In the recent case of R v Hopkins, 2011 ONCJ 349 Schwarzl J disposed of a peculiar section 9 argument in a quotable manner.
David Hopkins had attended the Midway Invader tavern in the middle of the afternoon on December 30, 2009. Unfortunately for him, PC Paul Haramis had decided to set up outside the tavern in the hopes of capturing impaired drivers; the officer was not part of an organized RIDE program but rather, was purposely set up outside the bar for the purpose of capturing impaired drivers [para 5]. At about 3:20 pm the officer observed Hopkins drive his car out of the bar parking lot. Ultimately Hopkins failed a roadside screening test and was charged with "over 80" after providing breath samples at the police station.
At trial Hopkins argued, inter alia, that his rights under section 9 of the Charter had been violated. In particular, he argued that although RIDE programs are constitutionally valid, the "stopping of people coming out of a bar, as opposed to all motorists at some intersection or other length of road, is too narrow a focus and is therefore a violation of section 9 of the Charter" [para 6]. In other words, Hopkins argued that random stops are permissible but "focussed" random stops are not.
In disposing of this argument Schwarzl J noted that the Highway Traffic Act provides an officer may stop any motorist to determine if there are grounds to make a demand under section 254(2) of the Code: see sections 48(1) and 216(1) HTA. It follows, Schwarzl J held, that the stop was not arbitrary as it was expressly provided for by law. Moreover, Schwarzl J held, the decision to focus police resources on an area or group of people more likely to be involved in drinking and driving did not make the stop arbitrary; he concluded with the following quotable quote:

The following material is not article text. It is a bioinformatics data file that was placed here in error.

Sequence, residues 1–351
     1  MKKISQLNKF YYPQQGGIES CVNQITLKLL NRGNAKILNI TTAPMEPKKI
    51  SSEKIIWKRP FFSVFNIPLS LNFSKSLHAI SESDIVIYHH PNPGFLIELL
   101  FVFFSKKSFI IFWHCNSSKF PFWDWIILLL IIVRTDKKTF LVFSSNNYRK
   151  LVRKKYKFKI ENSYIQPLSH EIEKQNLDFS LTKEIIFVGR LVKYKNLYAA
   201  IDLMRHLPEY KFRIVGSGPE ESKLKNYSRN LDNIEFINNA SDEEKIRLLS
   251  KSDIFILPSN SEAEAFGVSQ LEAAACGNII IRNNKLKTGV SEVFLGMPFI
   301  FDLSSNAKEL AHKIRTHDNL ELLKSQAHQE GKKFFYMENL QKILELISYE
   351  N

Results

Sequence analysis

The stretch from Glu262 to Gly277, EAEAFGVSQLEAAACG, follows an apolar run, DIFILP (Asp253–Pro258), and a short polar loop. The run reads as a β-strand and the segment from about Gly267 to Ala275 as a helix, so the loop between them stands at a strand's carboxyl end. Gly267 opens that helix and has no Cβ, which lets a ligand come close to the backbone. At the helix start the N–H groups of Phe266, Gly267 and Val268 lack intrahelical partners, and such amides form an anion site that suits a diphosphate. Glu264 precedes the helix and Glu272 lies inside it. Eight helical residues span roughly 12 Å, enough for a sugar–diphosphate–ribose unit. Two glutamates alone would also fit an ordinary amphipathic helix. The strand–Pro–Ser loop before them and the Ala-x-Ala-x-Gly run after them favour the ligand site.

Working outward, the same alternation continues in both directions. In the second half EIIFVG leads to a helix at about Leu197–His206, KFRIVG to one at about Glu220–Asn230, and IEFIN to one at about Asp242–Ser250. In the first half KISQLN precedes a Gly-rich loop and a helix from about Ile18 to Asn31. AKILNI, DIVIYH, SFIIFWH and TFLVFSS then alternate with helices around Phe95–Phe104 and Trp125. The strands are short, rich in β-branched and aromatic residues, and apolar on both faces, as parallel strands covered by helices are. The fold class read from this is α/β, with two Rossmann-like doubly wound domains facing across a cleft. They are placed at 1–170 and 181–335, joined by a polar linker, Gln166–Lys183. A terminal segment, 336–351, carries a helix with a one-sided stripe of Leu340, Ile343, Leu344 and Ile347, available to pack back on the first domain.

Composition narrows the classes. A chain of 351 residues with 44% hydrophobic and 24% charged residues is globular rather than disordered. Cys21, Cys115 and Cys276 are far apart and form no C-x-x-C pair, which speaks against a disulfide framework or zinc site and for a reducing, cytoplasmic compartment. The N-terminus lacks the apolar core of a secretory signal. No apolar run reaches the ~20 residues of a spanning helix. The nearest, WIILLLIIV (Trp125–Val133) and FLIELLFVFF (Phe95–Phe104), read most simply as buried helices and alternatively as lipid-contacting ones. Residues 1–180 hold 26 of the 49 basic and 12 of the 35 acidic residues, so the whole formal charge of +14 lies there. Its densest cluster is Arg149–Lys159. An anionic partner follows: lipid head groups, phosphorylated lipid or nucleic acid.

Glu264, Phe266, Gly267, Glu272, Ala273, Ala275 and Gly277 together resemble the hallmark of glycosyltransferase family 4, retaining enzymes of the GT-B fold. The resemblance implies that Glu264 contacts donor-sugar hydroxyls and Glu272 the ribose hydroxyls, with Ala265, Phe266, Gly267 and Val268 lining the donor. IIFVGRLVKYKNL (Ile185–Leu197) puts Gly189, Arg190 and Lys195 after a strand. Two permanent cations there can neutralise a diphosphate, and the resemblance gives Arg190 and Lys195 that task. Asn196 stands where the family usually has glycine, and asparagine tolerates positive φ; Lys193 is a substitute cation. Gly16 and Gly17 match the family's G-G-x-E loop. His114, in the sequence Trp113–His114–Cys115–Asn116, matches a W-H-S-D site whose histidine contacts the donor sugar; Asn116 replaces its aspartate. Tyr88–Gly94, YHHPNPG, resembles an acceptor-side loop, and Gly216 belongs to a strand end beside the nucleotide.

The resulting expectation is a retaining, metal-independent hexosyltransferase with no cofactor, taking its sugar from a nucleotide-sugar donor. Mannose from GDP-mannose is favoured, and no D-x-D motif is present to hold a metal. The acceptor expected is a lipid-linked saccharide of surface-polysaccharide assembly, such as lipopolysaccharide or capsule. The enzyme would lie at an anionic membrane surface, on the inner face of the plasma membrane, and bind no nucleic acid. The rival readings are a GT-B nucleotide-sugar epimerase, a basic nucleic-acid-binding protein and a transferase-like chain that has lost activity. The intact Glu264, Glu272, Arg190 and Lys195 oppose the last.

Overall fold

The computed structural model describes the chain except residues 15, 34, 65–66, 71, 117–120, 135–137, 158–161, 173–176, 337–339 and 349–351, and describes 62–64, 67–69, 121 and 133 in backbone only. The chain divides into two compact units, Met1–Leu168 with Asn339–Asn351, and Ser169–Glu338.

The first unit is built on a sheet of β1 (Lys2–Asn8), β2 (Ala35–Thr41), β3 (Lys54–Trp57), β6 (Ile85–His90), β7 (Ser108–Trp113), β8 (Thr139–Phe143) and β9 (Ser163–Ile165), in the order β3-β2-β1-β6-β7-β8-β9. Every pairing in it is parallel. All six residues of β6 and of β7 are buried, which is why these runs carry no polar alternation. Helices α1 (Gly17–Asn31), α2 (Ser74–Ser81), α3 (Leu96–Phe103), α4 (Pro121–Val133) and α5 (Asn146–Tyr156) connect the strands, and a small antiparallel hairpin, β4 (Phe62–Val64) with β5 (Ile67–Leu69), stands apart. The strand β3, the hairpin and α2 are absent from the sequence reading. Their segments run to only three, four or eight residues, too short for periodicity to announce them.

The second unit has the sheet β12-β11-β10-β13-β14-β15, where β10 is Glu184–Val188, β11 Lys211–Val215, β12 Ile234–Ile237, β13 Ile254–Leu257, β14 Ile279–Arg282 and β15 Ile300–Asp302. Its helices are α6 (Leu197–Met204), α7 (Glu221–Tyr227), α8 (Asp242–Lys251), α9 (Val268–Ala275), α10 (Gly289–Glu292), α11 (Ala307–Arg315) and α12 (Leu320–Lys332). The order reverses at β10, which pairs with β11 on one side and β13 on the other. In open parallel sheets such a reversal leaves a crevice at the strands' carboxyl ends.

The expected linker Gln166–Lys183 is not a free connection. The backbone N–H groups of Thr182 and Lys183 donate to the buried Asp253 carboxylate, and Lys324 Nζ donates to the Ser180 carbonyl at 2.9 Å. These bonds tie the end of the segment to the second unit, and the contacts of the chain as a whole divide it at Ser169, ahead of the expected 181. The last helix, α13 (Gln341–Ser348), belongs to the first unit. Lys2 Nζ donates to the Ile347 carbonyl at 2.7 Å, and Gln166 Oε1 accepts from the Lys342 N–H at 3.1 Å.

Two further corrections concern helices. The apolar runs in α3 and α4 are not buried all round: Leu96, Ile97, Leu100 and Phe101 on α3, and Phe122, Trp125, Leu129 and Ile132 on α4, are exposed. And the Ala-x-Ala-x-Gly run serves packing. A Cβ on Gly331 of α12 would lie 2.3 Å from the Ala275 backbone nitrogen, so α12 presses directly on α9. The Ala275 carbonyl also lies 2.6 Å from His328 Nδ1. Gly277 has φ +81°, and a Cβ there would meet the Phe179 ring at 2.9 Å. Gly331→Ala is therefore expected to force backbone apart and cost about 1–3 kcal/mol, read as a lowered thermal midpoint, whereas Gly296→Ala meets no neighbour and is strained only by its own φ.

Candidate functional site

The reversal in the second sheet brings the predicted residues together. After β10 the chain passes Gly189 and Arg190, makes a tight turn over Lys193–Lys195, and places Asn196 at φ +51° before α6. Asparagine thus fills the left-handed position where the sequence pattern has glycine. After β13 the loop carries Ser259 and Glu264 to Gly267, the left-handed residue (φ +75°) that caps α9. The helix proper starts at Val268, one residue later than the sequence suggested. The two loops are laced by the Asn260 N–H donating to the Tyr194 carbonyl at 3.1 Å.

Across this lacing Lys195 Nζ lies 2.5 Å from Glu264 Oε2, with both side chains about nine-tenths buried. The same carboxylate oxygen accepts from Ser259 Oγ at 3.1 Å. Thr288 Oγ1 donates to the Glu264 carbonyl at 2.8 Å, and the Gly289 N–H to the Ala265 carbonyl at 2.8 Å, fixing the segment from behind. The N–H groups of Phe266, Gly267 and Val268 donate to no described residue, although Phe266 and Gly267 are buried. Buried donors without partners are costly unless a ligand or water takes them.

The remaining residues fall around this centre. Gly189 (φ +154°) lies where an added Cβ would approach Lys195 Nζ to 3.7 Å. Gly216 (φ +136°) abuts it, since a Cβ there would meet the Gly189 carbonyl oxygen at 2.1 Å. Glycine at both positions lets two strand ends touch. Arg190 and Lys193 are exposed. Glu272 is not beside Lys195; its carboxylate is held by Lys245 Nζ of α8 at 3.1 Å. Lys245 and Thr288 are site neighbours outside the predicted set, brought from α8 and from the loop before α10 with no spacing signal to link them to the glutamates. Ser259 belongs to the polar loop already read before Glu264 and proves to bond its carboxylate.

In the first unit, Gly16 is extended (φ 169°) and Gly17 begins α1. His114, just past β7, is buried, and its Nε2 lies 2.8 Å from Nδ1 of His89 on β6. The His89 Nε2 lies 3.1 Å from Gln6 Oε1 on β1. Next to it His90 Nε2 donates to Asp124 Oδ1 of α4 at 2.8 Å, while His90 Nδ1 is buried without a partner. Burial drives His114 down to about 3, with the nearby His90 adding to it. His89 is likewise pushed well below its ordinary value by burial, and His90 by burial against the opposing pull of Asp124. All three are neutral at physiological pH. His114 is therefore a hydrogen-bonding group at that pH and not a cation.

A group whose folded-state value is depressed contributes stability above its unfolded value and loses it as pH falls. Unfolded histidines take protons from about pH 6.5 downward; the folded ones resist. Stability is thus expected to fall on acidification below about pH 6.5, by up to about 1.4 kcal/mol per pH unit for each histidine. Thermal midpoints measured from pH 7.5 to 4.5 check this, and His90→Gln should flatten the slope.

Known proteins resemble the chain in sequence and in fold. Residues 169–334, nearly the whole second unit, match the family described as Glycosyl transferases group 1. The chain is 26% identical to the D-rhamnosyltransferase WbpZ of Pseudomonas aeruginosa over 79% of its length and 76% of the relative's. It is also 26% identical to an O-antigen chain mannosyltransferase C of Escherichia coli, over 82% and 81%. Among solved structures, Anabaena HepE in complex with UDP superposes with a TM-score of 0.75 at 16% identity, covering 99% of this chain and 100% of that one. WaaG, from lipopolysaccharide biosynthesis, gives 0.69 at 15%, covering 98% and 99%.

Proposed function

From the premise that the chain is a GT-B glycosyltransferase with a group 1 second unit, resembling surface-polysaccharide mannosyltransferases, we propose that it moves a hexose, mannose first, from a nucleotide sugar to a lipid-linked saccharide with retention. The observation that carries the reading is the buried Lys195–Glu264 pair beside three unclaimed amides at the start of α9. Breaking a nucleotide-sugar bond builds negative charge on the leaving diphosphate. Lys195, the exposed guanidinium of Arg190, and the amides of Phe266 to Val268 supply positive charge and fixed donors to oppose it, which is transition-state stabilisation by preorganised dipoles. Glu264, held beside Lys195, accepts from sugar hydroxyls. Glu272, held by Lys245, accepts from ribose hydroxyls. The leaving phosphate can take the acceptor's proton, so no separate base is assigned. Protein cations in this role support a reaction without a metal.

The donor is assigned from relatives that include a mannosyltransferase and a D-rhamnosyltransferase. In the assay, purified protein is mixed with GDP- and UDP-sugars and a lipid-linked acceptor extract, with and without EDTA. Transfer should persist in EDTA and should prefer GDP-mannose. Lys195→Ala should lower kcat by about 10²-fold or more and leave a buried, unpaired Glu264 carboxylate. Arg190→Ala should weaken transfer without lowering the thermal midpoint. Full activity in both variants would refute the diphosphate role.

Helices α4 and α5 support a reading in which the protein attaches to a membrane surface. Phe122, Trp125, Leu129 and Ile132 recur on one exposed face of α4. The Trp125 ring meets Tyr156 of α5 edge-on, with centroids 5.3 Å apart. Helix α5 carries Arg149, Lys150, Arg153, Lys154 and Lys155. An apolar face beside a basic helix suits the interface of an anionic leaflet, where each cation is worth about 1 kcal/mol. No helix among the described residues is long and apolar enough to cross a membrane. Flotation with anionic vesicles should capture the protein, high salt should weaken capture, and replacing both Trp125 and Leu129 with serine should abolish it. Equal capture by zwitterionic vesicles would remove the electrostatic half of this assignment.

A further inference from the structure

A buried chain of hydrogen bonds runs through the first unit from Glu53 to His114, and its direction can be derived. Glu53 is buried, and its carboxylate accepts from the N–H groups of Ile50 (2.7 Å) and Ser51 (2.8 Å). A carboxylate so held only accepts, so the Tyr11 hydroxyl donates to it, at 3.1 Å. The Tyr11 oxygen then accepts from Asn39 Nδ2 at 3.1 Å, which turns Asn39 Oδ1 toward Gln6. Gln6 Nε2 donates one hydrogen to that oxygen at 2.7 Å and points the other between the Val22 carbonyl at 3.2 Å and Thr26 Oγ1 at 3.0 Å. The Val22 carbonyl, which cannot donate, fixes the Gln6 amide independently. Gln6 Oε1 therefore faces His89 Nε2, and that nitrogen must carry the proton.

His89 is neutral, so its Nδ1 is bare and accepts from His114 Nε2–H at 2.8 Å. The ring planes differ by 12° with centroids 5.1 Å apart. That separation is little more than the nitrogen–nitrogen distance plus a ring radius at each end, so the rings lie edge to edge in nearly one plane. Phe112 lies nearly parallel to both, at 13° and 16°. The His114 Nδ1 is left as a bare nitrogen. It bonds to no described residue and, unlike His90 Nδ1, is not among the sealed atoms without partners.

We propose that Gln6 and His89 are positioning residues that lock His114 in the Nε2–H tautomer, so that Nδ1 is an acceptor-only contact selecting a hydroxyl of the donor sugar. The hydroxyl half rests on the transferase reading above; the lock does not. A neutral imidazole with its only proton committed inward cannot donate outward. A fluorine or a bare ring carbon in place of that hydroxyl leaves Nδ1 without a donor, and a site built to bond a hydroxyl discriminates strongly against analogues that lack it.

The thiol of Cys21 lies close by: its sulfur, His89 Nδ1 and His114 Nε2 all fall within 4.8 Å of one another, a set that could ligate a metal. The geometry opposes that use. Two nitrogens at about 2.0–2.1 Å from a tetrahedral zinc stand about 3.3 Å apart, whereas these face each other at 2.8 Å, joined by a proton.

The targeting of the driving population coming out of bars over the holiday season is entirely consistent with the purpose of RIDE programs, which is to detect, deter, and reduce drunk driving. By concentrating on a location such as a bar where there is a higher probability of detecting drunk drivers, P.C. Haramis was not only performing his lawful duty but he was also minimizing the inconvenience to the general motoring public. In other words, by zeroing in on those leaving drinking establishments, the officer's conduct was far less random than setting up at an intersection and stopping all drivers [para 9] [emphasis added].